How the Internet is Changing the Way We Communicate

How the Internet is changing the English language and the ways we speak

As a linguist and an ex-English teacher, the evolution of language has always fascinated me. Since the 15th century, the English language has evolved under the influence of technology but I would argue that this has been more in terms of style than structural changes to the language. The first big change came in the 15th century with the use of printing presses which introduced new standardized grammar, spelling and punctuation styles. In the 19th century, telephonyrought in new patterns of dialogue as people could speak to each other at greater distances. Radio and TV broadcasting in the early 20th century introduced us to new styles and thought us sports commentators, chat shows and interviews. However, it is the internet that has had a massive change both in the way we speak and how we write English.

Who could have predicted that internet technology would have brought us so much diversity? For example, just think of the different technologies and the way we communicate in English using these technologies:

* the world wide web itself

* email

* chat rooms

* instant messaging

* the virtual worlds of games

* blogging

* twittering

* mobile phone texting

* social Networking

We do not speak or communicate in the same way when we are blogging as when we are texting and each technology has its own style of the English language. These different styles of communication have exploded and will continue to evolve and you can see it in all forms of online marketing or offline marketing materials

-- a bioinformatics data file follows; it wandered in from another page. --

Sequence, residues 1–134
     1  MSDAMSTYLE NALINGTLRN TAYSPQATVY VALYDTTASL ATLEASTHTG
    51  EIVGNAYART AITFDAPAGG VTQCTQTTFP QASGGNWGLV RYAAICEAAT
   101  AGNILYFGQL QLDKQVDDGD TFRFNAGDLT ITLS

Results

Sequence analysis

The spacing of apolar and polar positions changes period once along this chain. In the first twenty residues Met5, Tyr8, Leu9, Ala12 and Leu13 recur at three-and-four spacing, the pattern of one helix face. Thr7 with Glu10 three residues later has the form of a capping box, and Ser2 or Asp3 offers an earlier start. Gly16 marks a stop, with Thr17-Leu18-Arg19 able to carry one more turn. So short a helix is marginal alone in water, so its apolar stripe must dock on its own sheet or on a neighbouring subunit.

Whilst the internet has produced some new vocabulary or "internet slang", there are only a few hundred new English slang words in a language which has over one million words. So the 20th century slang of "groovy" and "funky" has given way to phrases like "lol" (laugh out loud), and "brb" (be right back) in the 21st century – but they are still relatively few.

So, although there are some new punctuation formats, eg emoticons, there have been no significant changes to grammar patterns or verb endings. The main change has been the style of language that we use when we communicate.

Lots of purists and people would like to preserve the correct way to speak English. However, no one can stop trends in style and slang from changing the way we communicate. Whether it is cave men's drawing on walls, writing in sand with a stick, or sending a "tweet" to the other side of the world, the English language is something that will never be permanent and will be constantly changed by technology.